Skip to content

Shiatsu Research

The following are some examples of the latest research being conducted in both Asia and the West into the efficacy of Shiatsu for treating a broad range of conditions.

Efficacy of Shiatsu

A recent literature review of 66 randomised clinical trials published before April 2005 concluded that acupressure and Shiatsu are an effective form of treatment for a variety of conditions including: labour pain, morning sickness, menstrual pain, sleep quality, low back pain, depression, enuresis, gastrointestinal motility, asthma, motion sickness, cardiovascular function, post-operative issues of pain, vomiting and intestinal function.  Although most of reviewed trials were small, many demonstrated statistically significant effects.

Cocchrane database System Review. 2006 Oct 18: (4): CD003521

Lower Back Pain

Acupressure was shown to be effective in reducing low back pain. A recent randomised, controlled, longitudinal trial was conducted at the Institute of Preventive Medicine, Taiwan and reported in the British Medical Journal (BMJ).
The trial evaluated the effectiveness of acupressure in terms of disability, pain, and functional status. 129 participants with chronic low back pain attended the Orthopedic clinic in Kaohsiung, Taipei, where they received acupressure or physical therapy for one month. The main outcome measure was Roland and Morris disability questionnaire, administered at baseline, after treatment, and at six-month follow-up. The mean total score was significantly lower in the acupressure group than in the physical therapy after treatment. Acupressure conferred an 89% reduction in significant disability compared with physical therapy. The improvement in disability score in the acupressure group compared with the physical group remained at six-month follow-up. Statistically significant differences between two groups were found for all six domains of the core outcome, pain visual scale, and modified Oswestry Low Back Pain Disability questionnaire after treatment and at six-month follow-up. The researchers concluded that the acupressure was an effective treatment for low back pain with sustained effects over 6 months.

Hsieh LL., et al (2006).  Treatment of low back pain by acupressure and physical therapy: randomised controlled trial. British Medical Journal. 25;332(7543):696-700.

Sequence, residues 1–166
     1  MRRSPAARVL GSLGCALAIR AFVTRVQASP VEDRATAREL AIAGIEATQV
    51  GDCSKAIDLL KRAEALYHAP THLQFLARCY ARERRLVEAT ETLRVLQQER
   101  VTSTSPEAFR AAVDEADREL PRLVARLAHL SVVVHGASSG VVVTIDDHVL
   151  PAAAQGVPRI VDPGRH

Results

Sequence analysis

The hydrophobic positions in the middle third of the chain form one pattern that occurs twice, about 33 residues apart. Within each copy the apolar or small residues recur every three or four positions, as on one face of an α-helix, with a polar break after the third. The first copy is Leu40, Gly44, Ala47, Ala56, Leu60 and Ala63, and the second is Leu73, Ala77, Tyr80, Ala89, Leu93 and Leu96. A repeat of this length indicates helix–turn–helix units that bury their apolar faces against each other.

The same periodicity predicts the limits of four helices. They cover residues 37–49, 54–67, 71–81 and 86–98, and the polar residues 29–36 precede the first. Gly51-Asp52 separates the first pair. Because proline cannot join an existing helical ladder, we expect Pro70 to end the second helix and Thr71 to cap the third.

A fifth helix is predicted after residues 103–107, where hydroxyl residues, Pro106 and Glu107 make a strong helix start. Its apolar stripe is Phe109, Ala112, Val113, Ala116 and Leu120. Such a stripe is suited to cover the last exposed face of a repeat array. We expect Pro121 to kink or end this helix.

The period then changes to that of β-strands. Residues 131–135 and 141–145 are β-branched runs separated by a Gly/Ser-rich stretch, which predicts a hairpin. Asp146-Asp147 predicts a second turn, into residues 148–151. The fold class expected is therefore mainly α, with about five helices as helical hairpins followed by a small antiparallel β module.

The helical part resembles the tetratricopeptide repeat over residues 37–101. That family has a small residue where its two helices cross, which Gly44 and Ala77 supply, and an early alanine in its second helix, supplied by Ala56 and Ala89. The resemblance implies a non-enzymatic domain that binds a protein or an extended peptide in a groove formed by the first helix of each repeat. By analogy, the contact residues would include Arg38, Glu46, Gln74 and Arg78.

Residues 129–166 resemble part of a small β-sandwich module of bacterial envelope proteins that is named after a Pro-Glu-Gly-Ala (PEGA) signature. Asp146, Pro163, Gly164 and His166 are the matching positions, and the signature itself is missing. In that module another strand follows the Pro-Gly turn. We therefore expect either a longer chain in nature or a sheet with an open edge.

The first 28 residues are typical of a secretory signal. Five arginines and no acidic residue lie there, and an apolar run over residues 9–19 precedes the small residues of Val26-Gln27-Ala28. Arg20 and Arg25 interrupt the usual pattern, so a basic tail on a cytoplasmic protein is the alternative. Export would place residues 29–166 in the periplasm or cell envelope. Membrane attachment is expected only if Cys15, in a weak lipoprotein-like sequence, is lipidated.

Primary Dysmenorrhoea

A recent trial at the College of Medical Technology, Tainan, Taiwan evaluated the efficacy of acupressure at the Sanyinjiao point for primary dysmenorrhea among adolescent girls.  Dysmenorrhea is the most common gynecological disorder among adolescents.  Sixty-nine female participants with no prior history of gynecological disease or secondary dysmenorrhea and with a pain score above 5 on a visual analogue scale (scale range 0-10) took part in the trial. Thirty-five participants received acupressure, while 34 participants rested for 20 minutes. Fifty participants (30 experimental, 20 control) completed the 4- and 6-week follow-up sessions. Five instruments were used pre- and post-treatment at each session: (1) Visual Analogue Scale for pain; (2) the Short-Form McGill Pain Questionnaire; (3) the Menstrual Distress Questionnaire; (4) the Visual Analogue Scale for anxiety; and (5), for the experimental group only, the Acupressure Self-Assessment Form.  After the initial session, the acupressure reduced the pain and anxiety typical of dysmenorrhea. After the self-treatment follow-up session, the acupressure significantly reduced menstrual pain but not anxiety. Thirty-one (87%) of the 35 experimental participants reported that acupressure was helpful, and 33 (94%) were satisfied with effects of acupressure in relieving the pain and providing psychological support for dysmenorrhea. The findings suggest that acupressure at Sanyinjiao point can be an effective, cost-free intervention for reducing pain and anxiety during dysmenorrhea, and could be recommended for self-care of primary dysmenorrhea.

Chen HM and Chen CM. (2004). Effects of acupressure at the Sanyinjiao point on primary dysmenorrhoea. Journal of Advanced N.48(4):380-7.